How important was the tone set by Dustin Pedroia right there in the first inning?

TERRY FRANCONA: It's certainly nice to play with a lead. I thought offensively the whole night we did a good job taking what he gave us, laying off pitches out of the zone, and even a couple innings when he got a couple outs, we didn't let him off the hook and have quick innings, and we prolonged innings, with two strikes, two outs. We took our walks when the ball were in the zone took some pretty good swings.

Even coming in with the roll that you guys were on, to see a game like this right off the bat, is it surprising? How determined, how dominant these guys came out tonight on both sides of the ball really?

TERRY FRANCONA: I don't think there's any surprise in the determination. They were on a pretty good roll, too, but sometimes a lopsided score can happen. You get into a bullpen, things don't go right. It's happened to us, happened to us against Cleveland. But we did a good job tonight. Now after I'm done with you guys we'll put it behind us and move on to tomorrow.

Francis threw fewer than half first-pitch strikes. It's an advantage for any lineup, but for a lineup like this how big an advantage is it when a guy is not getting ahead?

TERRY FRANCONA: Some of it is us not leaving the zone. If you get good pitches to hit and don't swing at balls against any pitcher, it certainly enhances your chances. But I thought we did a real good job. A couple innings he got two quick outs and then Youkilis had a real good at-bat, David had a -- he was down to two strikes and we put a pretty good inning together after that.

Can you talk about Beckett's night tonight?

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TERRY FRANCONA: Yeah, he was good. Basically his two pitches, I don't think he used a changeup until the seventh. He threw Hawpe a changeup and I think he threw Tulowitzki two. Other than that I think it was fastball, breaking ball. As it got a couple innings into the ball he started getting comfortable with the breaking ball and that made him really effective.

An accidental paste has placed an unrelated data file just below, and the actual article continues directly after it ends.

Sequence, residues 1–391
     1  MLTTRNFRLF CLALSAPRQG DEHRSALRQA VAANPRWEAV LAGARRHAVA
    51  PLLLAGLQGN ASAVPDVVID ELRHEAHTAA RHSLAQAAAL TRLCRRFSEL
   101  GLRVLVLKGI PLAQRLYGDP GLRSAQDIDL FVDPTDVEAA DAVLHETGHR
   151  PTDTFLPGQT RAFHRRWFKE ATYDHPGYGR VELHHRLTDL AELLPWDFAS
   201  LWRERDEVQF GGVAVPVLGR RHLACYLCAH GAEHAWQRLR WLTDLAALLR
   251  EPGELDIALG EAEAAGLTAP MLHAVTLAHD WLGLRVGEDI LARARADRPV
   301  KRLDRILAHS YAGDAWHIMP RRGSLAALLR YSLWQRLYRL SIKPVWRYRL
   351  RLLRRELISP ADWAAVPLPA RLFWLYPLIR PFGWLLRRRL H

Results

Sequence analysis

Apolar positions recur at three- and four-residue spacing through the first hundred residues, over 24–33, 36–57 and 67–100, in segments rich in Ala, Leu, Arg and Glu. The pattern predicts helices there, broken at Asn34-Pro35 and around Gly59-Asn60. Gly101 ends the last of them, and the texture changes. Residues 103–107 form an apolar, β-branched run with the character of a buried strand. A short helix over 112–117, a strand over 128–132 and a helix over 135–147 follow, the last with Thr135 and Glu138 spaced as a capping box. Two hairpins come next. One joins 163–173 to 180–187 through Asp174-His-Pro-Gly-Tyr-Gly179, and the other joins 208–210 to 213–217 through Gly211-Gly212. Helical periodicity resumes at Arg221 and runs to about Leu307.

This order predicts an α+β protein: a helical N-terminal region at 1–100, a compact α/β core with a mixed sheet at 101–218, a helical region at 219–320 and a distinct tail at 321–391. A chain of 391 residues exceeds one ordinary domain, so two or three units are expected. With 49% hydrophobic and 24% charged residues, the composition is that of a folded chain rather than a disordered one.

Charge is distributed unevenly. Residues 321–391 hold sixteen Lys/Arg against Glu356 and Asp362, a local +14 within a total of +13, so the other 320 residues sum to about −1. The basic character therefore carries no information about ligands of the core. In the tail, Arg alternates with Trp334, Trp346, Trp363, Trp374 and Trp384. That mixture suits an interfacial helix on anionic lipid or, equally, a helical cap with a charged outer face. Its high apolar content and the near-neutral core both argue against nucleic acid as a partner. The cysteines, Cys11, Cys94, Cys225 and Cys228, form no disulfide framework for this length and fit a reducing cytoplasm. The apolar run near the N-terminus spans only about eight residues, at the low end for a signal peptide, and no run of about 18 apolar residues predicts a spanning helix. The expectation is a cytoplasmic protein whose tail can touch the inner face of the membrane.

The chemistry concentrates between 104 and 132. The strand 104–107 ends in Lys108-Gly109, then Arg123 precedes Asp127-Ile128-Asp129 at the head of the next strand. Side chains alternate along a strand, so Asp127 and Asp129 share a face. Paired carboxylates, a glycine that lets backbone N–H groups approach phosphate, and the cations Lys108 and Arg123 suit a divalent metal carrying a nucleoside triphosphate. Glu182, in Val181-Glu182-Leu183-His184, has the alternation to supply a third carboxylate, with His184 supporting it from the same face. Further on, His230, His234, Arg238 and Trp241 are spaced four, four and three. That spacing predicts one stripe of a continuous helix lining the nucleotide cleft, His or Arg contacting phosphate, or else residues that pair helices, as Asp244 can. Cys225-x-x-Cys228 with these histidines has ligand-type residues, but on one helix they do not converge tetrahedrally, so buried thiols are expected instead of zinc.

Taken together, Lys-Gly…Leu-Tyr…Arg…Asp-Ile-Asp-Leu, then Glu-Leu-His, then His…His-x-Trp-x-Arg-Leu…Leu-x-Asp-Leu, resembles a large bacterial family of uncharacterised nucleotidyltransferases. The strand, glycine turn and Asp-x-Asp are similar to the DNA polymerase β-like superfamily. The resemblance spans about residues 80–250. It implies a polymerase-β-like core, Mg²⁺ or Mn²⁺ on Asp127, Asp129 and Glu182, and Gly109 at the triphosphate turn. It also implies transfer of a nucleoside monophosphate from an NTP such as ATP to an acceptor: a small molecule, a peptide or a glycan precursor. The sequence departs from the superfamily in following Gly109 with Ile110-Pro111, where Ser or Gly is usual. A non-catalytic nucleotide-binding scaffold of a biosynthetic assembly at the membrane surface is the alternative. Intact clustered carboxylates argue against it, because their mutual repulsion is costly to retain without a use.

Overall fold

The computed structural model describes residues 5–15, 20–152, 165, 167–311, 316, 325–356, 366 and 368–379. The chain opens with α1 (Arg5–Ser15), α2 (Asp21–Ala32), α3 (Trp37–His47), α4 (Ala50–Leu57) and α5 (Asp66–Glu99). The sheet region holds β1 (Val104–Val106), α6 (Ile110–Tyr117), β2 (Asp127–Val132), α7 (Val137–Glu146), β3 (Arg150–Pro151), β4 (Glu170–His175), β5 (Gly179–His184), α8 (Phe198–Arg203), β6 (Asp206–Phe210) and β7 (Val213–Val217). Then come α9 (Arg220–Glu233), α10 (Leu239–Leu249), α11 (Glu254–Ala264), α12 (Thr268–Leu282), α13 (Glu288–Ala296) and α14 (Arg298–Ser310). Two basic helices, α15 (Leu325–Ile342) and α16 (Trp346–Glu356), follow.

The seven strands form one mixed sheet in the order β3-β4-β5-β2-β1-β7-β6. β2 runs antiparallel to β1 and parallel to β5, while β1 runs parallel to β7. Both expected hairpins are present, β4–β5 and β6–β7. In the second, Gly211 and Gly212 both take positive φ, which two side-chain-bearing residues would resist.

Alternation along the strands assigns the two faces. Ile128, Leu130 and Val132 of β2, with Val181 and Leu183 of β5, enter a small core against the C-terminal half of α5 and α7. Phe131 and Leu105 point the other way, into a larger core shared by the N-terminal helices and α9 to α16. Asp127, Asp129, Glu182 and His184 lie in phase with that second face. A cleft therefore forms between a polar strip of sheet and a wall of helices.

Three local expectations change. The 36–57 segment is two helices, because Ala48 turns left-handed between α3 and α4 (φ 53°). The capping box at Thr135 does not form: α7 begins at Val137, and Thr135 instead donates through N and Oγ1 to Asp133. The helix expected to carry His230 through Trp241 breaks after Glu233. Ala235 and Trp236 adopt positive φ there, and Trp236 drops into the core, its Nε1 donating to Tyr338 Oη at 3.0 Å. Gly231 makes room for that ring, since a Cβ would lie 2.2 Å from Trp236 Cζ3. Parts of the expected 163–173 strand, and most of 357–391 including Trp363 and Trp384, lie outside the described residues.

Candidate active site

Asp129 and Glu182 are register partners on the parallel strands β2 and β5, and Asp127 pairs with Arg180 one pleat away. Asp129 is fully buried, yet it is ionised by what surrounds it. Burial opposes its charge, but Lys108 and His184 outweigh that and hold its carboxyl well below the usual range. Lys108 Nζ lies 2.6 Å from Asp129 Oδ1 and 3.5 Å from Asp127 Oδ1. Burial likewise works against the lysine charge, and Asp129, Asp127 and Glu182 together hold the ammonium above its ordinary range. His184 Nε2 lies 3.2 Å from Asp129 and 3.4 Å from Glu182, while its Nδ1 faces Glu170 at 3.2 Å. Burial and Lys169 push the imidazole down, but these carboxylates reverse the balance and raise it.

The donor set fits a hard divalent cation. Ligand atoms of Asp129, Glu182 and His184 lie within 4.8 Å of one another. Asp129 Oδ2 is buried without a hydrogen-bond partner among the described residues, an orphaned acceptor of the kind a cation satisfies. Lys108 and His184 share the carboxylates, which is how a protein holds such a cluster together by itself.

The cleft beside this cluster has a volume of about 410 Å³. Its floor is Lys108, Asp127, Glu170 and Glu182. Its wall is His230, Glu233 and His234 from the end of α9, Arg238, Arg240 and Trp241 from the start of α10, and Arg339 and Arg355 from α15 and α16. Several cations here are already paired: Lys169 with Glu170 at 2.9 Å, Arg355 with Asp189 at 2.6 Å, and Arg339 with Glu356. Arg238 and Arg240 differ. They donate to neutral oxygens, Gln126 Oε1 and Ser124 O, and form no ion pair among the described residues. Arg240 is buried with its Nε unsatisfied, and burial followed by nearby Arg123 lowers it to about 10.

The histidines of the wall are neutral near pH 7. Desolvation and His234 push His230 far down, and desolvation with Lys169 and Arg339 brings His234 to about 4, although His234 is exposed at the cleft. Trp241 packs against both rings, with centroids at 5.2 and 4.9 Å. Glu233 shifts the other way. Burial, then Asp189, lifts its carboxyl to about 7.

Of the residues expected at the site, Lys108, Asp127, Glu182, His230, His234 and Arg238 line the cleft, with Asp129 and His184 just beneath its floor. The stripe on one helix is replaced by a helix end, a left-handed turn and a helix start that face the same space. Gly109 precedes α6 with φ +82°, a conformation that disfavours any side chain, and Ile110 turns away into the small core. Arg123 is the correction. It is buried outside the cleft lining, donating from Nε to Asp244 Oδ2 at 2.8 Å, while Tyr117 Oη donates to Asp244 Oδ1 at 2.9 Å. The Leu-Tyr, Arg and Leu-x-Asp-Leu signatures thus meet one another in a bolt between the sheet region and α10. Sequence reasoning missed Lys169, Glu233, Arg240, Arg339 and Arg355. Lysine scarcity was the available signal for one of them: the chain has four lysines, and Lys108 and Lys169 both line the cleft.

The situation that you've been down before, last series, people start writing you off, now you'll be in a situation where I think a lot of people are going to start writing the Rockies off. How do you look going ahead as you always do, especially in a situation where now you have the upper hand?

TERRY FRANCONA: I don't think I paid much attention before, and probably won't now. We're smart enough to know tomorrow's game is what's ahead of us, and that's all that matters. That's the case every time you play. That'll never change.

With a 12-run lead was there any temptation to lift Beckett after the sixth, fifth or the sixth, and alternatively, what caused you to leave him in?

TERRY FRANCONA: Well, alternatively we lined up to play a nice game. With the weather potentially kind of hanging around, sometimes I think you can get in the way of a good game, and if we go to the bullpen early and the weather breaks like it had a chance to, no, suddenly we're stuck. Something happens tomorrow, we go for the bullpen. Better to just stay out of the way. He didn't get real deep, I think he ended up with 89 or 90. Sometimes, like I said, you can get in the way.

Have you seen anything like what Beckett has been doing this October? I mean, he's kind of on an unstoppable roll. What do you make of what he's doing?

TERRY FRANCONA: Well, we're not done and he's not done, so that would be a comment for later on. He's been huge for us, and again, to win, you have to have guys like that. Every time we've gone to him, he's given us a great outing, and we certainly hope that continues.

What do you think about the texture of your team? I mean, the one thing about 2004 and now is that even with different makeup of personnel, the team still seems to have the same guts and fortitude. How do you judge that, and how does it transfer over with such a change over in personnel?

TERRY FRANCONA: Well, there's always going to be a change over just because we have a lot of good veteran players. When that happens you're going to have free agents that other teams want. Theo and our ownership have done a great job of not rebuilding but retooling every year. The first day of Spring Training we talk to our guys, whether they're new or whether they're returning, about how we're going to approach the game and the loyalty and things like that, and that's the first thing we try to get to, and then we turn good players loose and let them go faith and show faith and that we believe in them, and I think we get rewarded.

Is there also a character type of thing that you look for when you're bringing them in?

TERRY FRANCONA: We look for good players, and certainly character is a huge issue in that, yes.